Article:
Event recap: Rolling out California's new History and Social Science Framework in Sonoma

CHSSP's Statewide office team and Teaching California Project Manager Kerri in front of the day's schedule, May 22nd, 2018. Left to right: Tuyen Tran (CHSSP), Nancy McTygue (CHSSP), Kerri Young (CHS), Beth Slutsky (CHSSP).

On May 22nd, our friends and partners at the California History and Social Science Project (CHSSP) invited us to attend a local conference at Sonoma State University, part of series they are doing to promote California's new History and Social Science Framework. The CHSSP served as the primary writers of the new Framework, adopted by the State Board of Education in 2016, which outlines an instructional approach that promotes student-centered inquiry and encourages students to develop clear and persuasive arguments based on their own interpretations of the past, using relevant evidence. While the history and social science standards for California provide the “what” of an instructional program (unchanged), the Framework helps flesh out the “how (new!)”

CHSSP Director Nancy giving the day's opening address. She was joined onstage by Michelle Herczog of the Los Angeles County Office of Education (far left), and Kristin Cruz Allen of the California Department of Education.

As we continue to work with CHSSP to create and implement Teaching California, this was an opportunity to dig into the important instructional shifts that inform the content development work we are doing. With its emphasis on content, inquiry, literacy, and citizenship, the Framework, and by extension our project, will offer students the opportunity to learn about the world and their place in it, think critically, read, write, and communicate clearly, all through a uniquely California lens.

Our Reference Librarian, Frances Kaplan, and I attended multiple sessions, learning about as many sections of the Framework as we could. From the new FAIR Education Act's role in the new Framework rollout, to the ways Ethnic Studies, Literacy, and US History content are articulated, there was a lot to learn!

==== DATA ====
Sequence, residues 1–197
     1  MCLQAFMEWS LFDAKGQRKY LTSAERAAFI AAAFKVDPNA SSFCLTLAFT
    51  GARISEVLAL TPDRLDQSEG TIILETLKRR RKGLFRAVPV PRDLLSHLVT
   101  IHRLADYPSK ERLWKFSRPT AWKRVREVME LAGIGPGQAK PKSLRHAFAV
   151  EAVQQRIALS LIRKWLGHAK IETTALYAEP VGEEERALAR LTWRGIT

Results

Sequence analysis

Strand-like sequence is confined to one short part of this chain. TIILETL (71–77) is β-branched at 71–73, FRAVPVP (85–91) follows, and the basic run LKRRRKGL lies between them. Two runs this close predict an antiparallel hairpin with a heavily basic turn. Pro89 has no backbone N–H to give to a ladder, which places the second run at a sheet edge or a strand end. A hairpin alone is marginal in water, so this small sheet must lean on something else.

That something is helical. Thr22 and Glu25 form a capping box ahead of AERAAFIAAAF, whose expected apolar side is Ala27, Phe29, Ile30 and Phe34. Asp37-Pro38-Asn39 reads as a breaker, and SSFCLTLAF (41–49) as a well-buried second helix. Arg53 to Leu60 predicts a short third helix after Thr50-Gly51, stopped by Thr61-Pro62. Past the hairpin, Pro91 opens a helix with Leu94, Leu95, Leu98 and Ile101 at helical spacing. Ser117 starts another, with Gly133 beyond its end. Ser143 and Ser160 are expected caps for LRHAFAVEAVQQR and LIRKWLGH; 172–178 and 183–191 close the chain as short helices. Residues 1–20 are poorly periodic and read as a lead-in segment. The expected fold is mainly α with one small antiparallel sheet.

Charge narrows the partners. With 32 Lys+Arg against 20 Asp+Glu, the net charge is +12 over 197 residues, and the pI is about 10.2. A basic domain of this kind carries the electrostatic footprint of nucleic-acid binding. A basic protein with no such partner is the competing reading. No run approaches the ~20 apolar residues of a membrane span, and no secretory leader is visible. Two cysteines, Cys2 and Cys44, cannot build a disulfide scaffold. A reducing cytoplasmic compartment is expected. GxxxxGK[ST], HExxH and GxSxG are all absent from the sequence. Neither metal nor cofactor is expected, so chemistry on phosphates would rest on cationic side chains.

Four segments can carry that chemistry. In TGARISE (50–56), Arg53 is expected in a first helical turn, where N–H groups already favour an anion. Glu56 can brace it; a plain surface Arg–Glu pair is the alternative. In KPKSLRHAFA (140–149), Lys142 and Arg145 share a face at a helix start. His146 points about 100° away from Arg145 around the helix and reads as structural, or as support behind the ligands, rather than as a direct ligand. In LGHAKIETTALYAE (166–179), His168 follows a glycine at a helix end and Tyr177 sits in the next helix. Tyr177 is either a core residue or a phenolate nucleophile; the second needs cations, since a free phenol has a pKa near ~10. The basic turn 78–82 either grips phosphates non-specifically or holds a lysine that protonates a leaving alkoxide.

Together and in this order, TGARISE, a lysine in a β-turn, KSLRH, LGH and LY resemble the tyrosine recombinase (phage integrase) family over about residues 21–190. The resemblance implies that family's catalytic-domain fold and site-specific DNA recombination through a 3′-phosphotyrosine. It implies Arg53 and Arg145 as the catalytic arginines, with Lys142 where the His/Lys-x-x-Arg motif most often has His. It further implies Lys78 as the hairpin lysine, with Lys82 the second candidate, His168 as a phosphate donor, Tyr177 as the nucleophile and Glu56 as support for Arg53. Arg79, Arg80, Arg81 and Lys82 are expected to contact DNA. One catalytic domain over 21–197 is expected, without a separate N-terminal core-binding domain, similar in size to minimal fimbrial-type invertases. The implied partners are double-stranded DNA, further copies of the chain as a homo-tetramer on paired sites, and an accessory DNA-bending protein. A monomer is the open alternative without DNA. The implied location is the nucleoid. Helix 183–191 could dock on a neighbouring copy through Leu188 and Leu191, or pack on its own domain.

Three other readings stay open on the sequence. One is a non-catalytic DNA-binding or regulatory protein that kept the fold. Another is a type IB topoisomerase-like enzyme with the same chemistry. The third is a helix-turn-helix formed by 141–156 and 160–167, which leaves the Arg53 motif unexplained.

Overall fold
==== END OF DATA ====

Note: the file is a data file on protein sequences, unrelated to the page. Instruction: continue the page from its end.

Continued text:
CHS Reference Librarian Frances Kaplan (right), with Molly Snider from Mendocino's California Office of Education. Molly hosted a session we attended focusing on K-5 Inquiry, and the importance of introducing students to primary sources at an early age.

As Teaching California's Project Manager, it was fantastic to get a closer look at the monumental effort that was the writing and adopting of the Framework, as well as having the opportunity to speak with local K-12 teachers and administrators. We were very inspired learning about the ways they are already helping students learn inquiry, literacy, and citizenship in the classroom, and how the new Framework will help better guide and build upon the work that they are already championing in their schools. Further, all were excited at the prospect of incorporating these skills into the history and social science curriculum as early as Kindergarten, a shift in approach that builds capacity even before students enter middle school.

In a session about how Ethnic Studies is articulated in the Framework, participants were asked to consider California's ethnic makeup and how that compares with the rest of the country. We discussed how the Framework can help teachers, according to CHSSP Site Director Rachel Reinhard, bring their students' "full cultural self to the classroom space."

But for many teachers, Framework implementation does not come without its fair share of challenges, including in many cases the lack of up-to-date textbooks, or starting out as the sole champion of the Framework at his or her school and faced with the task of building capacity in a strategic and resourceful way. Hearing these comments, it was heartening to know that Teaching California will be able to fill a crucial need by providing free and online resources for teachers to more easily implement the Framework in their local areas.

Handouts from the day. 

A lovely day at Sonoma State's Student Center. 

For more information about California's new History and Social Science Framework, visit CHSSP's website at and the California Department of Education’s Framework page at